The strategies presented here are sourced from The Whole Brain Child, a book by Drs. Dan Siegel and Tina Payne-Bryson.
The Whole Brain Child approach uses neuroscience to help regulate strong emotions. As Drs. Siegel and Payne-Bryson state, “Two brains are better than one.” By integrating the left and right hemispheres of the brain, we can balance logic with emotions. The left brain tends to view emotions rigidly and objectively, while the right brain can potentially overwhelm us with emotional responses. When both hemispheres are engaged, they provide a balance of emotional awareness and logical reasoning.
The “Downstairs” Brain, well-developed at birth, is responsible for basic functions, reactions, impulses (fight, flight, and freeze), and strong emotions such as fear and anger. To learn more about this, check out this video by Dr. Dan Siegel on “Flipping Your Lid.”
Strategy 1: Connect and Redirect – Surfing Emotional Waves
First, connect with the individual, then redirect their focus. Start by engaging the right brain, then move to the left (Dr. Siegel explains this in the linked video). It’s necessary to establish an emotional connection before addressing the issue logically. Logic won’t be effective until the child’s emotional needs have been met; parents should help their kids “feel felt.”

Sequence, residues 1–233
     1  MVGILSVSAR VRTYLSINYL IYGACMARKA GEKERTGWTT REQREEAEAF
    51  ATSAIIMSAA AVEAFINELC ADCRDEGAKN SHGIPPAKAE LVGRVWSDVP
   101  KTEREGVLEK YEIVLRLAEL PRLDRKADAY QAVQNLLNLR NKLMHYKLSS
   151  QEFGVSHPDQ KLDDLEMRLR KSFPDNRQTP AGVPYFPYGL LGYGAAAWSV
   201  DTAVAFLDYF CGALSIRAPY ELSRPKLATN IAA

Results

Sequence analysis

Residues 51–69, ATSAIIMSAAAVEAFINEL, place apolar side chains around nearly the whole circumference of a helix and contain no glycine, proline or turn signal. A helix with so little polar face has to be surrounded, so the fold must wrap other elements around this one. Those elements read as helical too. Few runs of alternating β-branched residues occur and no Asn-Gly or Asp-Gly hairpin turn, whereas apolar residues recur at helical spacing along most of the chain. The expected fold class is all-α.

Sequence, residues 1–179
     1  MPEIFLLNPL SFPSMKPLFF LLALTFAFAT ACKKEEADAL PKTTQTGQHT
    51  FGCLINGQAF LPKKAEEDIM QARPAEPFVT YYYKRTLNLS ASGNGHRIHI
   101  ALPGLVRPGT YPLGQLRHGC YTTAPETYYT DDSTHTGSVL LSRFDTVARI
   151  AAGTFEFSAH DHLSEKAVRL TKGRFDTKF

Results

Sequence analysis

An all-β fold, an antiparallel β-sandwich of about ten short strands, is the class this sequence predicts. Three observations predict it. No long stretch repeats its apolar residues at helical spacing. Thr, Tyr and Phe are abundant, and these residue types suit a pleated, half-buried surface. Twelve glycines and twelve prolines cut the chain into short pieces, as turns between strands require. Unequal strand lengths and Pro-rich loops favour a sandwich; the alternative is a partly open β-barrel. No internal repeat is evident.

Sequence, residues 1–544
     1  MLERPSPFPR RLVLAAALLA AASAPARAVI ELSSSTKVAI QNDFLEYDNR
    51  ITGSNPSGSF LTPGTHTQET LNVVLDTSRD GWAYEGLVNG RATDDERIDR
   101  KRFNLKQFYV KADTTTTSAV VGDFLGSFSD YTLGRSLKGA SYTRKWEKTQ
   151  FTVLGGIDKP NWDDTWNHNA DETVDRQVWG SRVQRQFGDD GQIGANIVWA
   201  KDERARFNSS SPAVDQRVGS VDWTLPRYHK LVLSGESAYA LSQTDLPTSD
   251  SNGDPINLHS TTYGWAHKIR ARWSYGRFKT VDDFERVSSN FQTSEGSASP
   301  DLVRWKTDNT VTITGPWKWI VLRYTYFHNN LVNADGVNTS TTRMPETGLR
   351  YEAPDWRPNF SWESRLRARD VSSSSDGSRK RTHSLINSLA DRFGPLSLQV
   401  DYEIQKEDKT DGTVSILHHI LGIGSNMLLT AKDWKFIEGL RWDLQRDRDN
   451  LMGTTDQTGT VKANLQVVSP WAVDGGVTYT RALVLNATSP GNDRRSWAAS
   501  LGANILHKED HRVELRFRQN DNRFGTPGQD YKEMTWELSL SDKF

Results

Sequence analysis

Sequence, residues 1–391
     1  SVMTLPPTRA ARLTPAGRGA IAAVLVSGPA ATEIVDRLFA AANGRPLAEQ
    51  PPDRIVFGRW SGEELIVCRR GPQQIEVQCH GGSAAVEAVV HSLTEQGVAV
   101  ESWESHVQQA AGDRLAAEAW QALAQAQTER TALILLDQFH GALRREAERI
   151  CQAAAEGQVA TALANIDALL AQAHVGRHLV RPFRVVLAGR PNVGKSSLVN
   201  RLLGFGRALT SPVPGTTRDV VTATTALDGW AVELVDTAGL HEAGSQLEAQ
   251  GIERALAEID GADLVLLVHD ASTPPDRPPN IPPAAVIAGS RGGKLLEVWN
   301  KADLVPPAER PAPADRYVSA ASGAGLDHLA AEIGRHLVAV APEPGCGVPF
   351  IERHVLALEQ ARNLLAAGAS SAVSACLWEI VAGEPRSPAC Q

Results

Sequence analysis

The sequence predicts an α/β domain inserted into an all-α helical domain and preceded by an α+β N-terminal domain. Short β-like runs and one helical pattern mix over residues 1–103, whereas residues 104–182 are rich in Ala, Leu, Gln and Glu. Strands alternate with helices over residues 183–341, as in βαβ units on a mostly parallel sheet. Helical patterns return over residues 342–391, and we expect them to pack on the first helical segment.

Strategy 2: Name it to Tame it – Telling Stories to Calm BIG Emotions
Children often need assistance engaging their “left brain” to make sense of their emotions. Encourage your child to use words to process their emotions by retelling a frightening or painful experience. As a parent, you may need to prompt this storytelling.
Strategy 3: Engage, Don’t Enrage – Appeal to the Upstairs Brain
Empower your child by giving them a voice. Use compromise and shared power, encouraging phrases like “Convince me,” or “Let’s find a solution that works for both of us.” This approach promotes problem-solving and decision-making skills.
Strategy 4: Use it or Lose it – Exercising the Upstairs Brain
Allow your child practice in making choices, but avoid using threats disguised as choices (e.g., “Either do your homework, or you will lose TV privileges for a week.”) Use consequences judiciously, focusing on natural consequences rather than logical or parent-imposed ones.
Strategy 5: Move it or Lose it – Exercising the Upstairs Brain
Pay attention to your child’s holistic needs. Often, changing a child’s physical state can also change their emotional state (encourage them to move or relax). A key point to remember is our goal for our children to “feel felt,” which means that we, as parents, need to “feel with” our children and model empathy.
To explore all twelve strategies, visit Dr. Dan Siegel’s website.
Article by Christina Shaw, Ed.D., LPC-A.